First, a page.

I’m all for it (not agin it!), but this is a very good question (boldface mine):
Even if we put to one side the reservations about the composition of the new Ukrainian government, there was much to condemn in manner of its birth. It’s okay to have one revolution, but two in ten years is not an auspicious development. Victoria Nuland recently let slip that the United States had invested $5 billion in building democratic institutions in Ukraine over the past two decades; one would suppose that part of our civics instruction included the lesson that in modern democracies, governments are changed via elections, not through street demonstrations. But perhaps not. She ought to be pressed to give an accounting of how those funds were spent and what lessons were inculcated to our eager pupils with respect to proper democratic procedures. Jefferson taught “absolute acquiescence in the decisions of the majority, the vital principle of republics, from which is no appeal but to force, the vital principle and immediate parent of despotism.” Of course, the State Department fully adheres to that doctrine—except when it doesn’t, as in the instant case….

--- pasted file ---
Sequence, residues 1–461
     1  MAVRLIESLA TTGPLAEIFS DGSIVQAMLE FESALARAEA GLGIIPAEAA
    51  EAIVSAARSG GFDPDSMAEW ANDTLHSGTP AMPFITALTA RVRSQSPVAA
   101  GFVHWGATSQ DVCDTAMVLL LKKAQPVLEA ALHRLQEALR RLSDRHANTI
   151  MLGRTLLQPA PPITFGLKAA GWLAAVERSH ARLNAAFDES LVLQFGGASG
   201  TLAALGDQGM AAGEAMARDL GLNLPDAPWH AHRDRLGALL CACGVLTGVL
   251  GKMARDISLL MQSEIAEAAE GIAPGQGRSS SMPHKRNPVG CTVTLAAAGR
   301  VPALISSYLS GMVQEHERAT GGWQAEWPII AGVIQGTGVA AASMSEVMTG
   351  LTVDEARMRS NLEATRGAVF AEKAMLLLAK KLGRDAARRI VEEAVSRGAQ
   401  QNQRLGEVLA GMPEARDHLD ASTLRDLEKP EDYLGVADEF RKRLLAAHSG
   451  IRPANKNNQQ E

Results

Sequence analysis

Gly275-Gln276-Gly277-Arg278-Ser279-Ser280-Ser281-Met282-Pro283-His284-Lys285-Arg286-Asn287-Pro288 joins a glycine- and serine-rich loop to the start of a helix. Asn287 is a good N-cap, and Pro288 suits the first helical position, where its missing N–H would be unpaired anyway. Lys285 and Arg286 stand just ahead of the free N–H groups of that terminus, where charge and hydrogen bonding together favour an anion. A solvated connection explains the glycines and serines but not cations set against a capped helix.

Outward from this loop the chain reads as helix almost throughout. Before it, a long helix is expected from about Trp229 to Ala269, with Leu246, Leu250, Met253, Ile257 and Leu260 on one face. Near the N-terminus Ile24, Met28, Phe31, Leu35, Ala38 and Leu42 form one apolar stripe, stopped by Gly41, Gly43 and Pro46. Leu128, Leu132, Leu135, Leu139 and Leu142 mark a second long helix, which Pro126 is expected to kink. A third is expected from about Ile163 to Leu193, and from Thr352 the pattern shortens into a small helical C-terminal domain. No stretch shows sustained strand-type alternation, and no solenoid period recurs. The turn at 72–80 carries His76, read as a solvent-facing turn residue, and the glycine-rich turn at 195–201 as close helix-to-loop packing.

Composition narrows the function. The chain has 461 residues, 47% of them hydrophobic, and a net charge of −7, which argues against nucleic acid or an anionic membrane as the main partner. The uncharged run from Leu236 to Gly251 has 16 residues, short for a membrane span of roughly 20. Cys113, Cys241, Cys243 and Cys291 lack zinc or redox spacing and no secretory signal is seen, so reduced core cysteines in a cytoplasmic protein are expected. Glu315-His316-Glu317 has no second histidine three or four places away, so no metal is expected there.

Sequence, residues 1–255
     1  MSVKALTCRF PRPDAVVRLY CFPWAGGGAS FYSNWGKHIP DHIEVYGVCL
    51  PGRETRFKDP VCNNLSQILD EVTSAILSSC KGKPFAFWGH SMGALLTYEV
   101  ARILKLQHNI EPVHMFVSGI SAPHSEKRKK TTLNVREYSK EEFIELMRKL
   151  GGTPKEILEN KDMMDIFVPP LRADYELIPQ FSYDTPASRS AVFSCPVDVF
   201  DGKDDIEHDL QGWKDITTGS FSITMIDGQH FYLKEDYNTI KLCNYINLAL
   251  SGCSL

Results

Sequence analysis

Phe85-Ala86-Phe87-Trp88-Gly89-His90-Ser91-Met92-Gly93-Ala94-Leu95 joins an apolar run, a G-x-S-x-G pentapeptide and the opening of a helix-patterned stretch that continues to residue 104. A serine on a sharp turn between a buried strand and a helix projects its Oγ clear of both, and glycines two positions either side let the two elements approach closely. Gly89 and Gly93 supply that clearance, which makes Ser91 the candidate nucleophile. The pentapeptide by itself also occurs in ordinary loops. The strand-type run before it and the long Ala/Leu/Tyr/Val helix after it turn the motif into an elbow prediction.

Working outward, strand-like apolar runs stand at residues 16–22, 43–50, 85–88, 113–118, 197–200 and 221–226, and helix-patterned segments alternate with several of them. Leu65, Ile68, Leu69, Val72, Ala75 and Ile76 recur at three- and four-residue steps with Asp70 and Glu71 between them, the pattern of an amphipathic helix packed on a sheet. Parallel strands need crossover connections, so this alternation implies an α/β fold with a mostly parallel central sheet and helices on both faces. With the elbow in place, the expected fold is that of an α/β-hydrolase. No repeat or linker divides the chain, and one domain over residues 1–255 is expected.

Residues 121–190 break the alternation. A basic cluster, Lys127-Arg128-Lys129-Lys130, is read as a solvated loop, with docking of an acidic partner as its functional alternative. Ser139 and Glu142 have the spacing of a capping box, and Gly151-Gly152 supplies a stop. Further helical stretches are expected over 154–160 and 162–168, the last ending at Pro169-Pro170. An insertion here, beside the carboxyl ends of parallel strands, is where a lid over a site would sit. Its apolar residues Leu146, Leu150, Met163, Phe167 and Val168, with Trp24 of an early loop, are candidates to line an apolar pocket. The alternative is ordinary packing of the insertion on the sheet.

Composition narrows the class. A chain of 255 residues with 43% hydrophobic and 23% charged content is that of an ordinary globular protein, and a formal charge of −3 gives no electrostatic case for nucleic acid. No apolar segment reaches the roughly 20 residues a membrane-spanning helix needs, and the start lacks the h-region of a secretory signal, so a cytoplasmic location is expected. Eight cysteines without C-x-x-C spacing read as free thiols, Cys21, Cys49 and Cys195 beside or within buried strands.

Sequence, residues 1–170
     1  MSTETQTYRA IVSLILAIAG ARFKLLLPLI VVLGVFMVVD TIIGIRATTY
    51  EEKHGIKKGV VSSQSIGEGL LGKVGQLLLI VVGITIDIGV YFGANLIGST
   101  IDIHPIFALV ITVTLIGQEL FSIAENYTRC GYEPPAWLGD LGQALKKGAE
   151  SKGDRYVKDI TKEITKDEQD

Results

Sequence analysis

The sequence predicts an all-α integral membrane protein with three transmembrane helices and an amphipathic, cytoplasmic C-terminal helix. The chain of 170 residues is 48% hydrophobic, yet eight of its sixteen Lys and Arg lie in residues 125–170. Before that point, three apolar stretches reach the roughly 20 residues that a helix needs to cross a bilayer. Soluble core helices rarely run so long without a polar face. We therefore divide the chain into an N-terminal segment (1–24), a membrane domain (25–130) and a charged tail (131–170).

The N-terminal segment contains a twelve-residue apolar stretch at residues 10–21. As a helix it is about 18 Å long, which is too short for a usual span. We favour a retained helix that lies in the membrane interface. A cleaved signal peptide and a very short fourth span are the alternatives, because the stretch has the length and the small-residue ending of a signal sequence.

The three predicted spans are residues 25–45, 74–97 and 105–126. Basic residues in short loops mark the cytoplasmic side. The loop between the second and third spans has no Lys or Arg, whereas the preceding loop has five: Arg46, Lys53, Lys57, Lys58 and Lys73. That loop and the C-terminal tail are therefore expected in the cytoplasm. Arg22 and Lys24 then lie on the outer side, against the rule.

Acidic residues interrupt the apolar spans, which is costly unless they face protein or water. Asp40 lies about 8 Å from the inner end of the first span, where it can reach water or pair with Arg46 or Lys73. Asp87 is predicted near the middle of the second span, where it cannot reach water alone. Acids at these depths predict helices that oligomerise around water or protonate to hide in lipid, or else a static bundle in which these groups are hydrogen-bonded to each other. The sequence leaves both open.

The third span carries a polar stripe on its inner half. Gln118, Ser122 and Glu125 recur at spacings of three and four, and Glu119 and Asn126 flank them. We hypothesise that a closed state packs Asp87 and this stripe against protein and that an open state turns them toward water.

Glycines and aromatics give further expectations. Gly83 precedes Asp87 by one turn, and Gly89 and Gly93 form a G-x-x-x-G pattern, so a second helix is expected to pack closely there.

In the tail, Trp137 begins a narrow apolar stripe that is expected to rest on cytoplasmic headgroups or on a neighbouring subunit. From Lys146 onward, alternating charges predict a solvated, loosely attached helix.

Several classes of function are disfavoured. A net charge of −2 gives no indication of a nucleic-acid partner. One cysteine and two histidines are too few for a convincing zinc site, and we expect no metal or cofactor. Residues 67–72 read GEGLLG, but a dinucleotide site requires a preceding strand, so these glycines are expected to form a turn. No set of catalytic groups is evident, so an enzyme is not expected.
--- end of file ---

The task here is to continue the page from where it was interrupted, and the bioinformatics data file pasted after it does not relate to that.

In democracies, people have a right to demonstrate, but a fraction of the people does not have the right to bring down a government. The western leaders who sanctioned such a principle in Ukraine would never allow it in their own jurisdictions.